students’ responsibility in helping to make the classroom a good and exciting place to be.
Students will be encouraged to share their thoughts, feelings, and ideas on topics of discussion,
and students will be encouraged to work together for creative solutions to problems.

In my classroom I will promote an interactive learning environment, holding classroom
discussions, encouraging student input, and group work. This type of teaching will encourage
problem solving skills as well as reading, writing, speaking, and listening skills. I will also have
an exploratory learning style implemented into the curriculum. I feel it’s important for students
to go through a process of trial and error. Mistakes to me are not considered bad but are viewed
as teachable moments and ways to improve on the topic being discussed. As an example of this,

I had a Math teacher who encouraged students to show wrong answers to the class. We, as a
class, had very good educational discussions that helped more than one person in class. She
addressed the problem, found out where the answer was wrong, and continued with discussions
on how it could be fixed. She made a point to thank the person for helping everyone work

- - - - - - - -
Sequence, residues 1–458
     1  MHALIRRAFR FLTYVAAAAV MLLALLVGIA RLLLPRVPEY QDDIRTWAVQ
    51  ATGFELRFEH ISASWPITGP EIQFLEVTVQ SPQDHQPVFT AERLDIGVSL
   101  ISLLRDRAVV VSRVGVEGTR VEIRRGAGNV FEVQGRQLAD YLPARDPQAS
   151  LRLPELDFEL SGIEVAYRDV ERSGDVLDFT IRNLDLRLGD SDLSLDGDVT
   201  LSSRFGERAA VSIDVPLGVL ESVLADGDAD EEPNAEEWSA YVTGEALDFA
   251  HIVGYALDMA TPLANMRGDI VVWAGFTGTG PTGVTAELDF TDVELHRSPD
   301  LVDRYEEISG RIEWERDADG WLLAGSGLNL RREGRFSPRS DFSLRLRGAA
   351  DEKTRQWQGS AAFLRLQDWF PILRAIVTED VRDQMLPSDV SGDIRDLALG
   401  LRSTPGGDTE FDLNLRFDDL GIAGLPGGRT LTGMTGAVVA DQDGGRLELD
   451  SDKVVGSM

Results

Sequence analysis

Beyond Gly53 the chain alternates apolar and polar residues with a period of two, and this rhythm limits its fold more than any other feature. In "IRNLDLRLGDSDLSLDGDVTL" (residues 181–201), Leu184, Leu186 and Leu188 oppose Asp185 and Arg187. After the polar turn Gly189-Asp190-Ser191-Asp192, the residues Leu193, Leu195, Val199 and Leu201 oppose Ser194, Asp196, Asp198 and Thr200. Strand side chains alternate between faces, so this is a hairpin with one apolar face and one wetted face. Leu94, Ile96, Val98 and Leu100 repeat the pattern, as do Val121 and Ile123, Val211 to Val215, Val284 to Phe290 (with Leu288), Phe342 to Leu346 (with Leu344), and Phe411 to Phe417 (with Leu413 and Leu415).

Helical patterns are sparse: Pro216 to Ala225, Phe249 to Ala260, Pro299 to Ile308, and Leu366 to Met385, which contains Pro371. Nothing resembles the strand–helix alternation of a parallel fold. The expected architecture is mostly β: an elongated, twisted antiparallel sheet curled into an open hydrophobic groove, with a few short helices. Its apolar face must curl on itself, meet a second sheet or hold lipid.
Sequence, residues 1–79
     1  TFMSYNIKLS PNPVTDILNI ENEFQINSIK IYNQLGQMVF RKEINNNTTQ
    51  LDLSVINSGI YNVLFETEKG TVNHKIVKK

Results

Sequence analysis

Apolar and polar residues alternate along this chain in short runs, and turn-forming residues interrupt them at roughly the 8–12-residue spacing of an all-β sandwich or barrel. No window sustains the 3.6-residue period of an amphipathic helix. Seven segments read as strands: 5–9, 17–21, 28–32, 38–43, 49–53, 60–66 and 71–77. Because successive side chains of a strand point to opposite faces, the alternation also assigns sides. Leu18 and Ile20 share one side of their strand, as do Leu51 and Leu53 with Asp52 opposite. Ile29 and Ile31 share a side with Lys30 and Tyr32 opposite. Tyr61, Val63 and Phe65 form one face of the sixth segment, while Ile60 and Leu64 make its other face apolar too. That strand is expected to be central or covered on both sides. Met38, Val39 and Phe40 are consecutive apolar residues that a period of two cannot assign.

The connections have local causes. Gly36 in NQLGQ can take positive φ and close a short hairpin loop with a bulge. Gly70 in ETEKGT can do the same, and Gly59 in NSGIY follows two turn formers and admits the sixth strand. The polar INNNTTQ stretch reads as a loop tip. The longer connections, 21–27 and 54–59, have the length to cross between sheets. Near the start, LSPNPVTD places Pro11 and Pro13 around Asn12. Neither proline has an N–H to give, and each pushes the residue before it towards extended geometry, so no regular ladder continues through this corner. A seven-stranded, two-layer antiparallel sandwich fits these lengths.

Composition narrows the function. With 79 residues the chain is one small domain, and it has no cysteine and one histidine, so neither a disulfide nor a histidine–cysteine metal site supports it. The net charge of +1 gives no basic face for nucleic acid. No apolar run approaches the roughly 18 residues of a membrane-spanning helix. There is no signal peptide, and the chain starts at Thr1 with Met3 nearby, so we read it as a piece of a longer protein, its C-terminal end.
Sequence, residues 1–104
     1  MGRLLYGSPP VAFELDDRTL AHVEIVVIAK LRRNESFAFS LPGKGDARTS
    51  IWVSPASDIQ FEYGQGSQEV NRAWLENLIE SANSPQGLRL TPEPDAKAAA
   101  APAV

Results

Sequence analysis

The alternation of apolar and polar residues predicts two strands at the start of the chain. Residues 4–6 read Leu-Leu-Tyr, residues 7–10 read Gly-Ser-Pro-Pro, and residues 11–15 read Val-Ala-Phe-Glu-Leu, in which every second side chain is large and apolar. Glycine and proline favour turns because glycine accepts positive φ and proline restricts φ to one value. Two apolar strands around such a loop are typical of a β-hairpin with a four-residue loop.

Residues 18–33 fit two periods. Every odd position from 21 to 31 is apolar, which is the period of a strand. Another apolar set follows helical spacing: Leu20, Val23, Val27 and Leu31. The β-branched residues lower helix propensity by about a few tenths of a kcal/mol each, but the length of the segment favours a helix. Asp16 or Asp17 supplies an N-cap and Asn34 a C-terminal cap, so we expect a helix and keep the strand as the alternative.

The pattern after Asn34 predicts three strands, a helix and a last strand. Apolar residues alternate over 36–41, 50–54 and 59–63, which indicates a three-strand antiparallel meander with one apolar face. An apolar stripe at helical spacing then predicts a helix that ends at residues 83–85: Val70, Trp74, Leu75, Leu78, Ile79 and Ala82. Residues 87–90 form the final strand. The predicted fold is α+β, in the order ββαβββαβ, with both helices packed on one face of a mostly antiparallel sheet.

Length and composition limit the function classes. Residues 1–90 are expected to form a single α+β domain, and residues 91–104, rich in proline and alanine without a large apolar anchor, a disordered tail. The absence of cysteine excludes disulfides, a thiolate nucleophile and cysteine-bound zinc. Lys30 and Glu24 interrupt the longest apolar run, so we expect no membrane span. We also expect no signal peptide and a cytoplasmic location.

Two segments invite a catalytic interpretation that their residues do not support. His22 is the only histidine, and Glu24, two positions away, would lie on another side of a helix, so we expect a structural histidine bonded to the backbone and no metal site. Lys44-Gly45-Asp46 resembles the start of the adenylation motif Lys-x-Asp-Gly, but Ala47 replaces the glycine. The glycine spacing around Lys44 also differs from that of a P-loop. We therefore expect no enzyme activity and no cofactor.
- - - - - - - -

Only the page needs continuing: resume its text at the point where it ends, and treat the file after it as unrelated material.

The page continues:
through the problem. My teacher did not look at a mistake in a bad way. Students were not
embarrassed about showing their mistakes to the class and did not hesitate to participate in
discussions. As a teacher, it is my responsibility to have the support structure in place to
facilitate understanding through the trial and error type of teaching.

I will also be encouraging parent involvement within my classroom. I feel it is very important
for students to have continued support and encouragement at home and at school. I am a firm
believer children tend to achieve more, have better self-esteem, are more self-disciplined and are
more excited about school in general when they have the support from family members. Parents
and community members will be encouraged to actively participate in reading activities, math
activities, classroom plays, and different culminating events that will be planned throughout the
year.

To make sure students are meeting the goals that are set forth throughout the year I will have a
series of different assessments. On a daily basis, I will be having many different forms of
formative tests such as classroom discussions, games, journal entries, classroom assignments,
and observations. These assessments will be used to guide my instruction throughout the year. I
will be asking myself if my students are on the right track by answering questions like: Do I

need to make adjustments to the lessons or the curriculum? Are students meeting the short term
requirements needed to fulfil the long term goals?